Atkinson (2019, p. 725) starts by defining cognitive science.

The foundational assumption of cognitive science, according to Dawson (2013), is that “cognition is information processing (p. 4).

He goes on

More recently, three major developments— connectionism, cognitive neuroscience, and so- called 4E cognition—have enriched and complexified cognitive science. They have done so, I suggest here, without threatening its cognitivist core.

He then looks at the cognitivist “tradition” in SLA. He says:

When SLA studies ties itself directly to cognitive science or cognitive psychology (e.g., Ellis, 2019; Long, 2010; Suzuki, Nakata, & DeKeyser, 2019), when input, output, processing, and competence comprise default terminology in the field, or when a hard line is drawn between cognitive and social, cognitivist traditions endure.

But what justifies this tradition?  He asks:

(a) Biologically speaking, do our minds/brains not exist primarily to keep our bodies alive in dynamic environments—that is, for adaptive eco-logical action?

(b) Are human environments not furthermore pervasively social—that is, does our embodied adaptive action not depend  crucially  on social action and cooperation with others? and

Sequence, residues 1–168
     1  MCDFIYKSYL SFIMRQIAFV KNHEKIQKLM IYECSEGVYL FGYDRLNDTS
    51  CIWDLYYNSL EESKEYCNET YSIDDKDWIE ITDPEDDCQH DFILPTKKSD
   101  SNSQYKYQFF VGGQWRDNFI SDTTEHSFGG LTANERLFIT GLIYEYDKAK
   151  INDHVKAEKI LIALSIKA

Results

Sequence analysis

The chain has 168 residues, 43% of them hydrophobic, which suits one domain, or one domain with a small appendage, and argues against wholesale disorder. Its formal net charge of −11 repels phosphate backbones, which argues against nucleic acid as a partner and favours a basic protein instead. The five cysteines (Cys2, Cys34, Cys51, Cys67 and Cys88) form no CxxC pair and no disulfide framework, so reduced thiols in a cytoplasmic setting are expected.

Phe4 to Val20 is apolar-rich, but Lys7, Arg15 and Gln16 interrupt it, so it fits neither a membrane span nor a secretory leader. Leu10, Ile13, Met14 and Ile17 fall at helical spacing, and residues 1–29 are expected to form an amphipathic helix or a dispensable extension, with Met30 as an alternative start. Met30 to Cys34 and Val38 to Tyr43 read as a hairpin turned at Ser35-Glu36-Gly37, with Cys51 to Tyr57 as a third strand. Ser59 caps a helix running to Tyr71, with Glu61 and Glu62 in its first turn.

(c) Is such social action/cooperation ultimately not what language and language learning are for?

And he concludes:

If these questions can be answered affirmatively, then cognition must be reconceived within dynamic ecosocial relations and action rather than as the ultimate source and outcome of human behavior, including language learning.

Expressed more rhetorically, to exorcise the cognitivist “ghost in the machine” (Ryle, 2009, p. 5) in SLA studies, should we not start putting “mind, body, and world back together again” (Clark, 1997, subtitle)?     

Atkinson thinks all three questions can indeed be answered affirmatively and, using the two books mentioned above, he offers “intercorporeality and co-operative action” as “theoretical alternatives to cognitivism”. He then suggests how SLA studies, still blighted by the cognitivist ‘ghost in the machine’ can be replaced by a view informed by “embodiment, affect, multimodality, adaptivity, and ecosocial action”.

Here’s a rough summary of the conclusions Atkinson reaches:

  • Giving affect-as-meaning deserves serious consideration when theorizing language learning and teaching.
  • Computers/ information processors are poor models for the active, ‘hyperprosocial’ (Marean, 2015), fundamentally affect-driven organisms that human learners are.
  • Learning is a product of affect, affiliation, identity, and shared meaning-making at least as much as it is of input frequency and/or conscious behavior. Thus, affect-loaded expressions—taboo words being paradigm examples—can be acquired on one or a few exposures, while plural-marking morphemes, article systems, and other formal grammatical machinery may never be.


All these conclusions can easily be accepted. They do almost nothing to challenge the work done by those working on a cognitivist theory of SLA – not even the second one. And if we look at the three questions Atkinson asks – “Do our minds/brains not exist primarily to keep our bodies alive in dynamic environments—that is, for adaptive eco-logical action”, etc., we can safely answer affirmatively without the slightest qualm.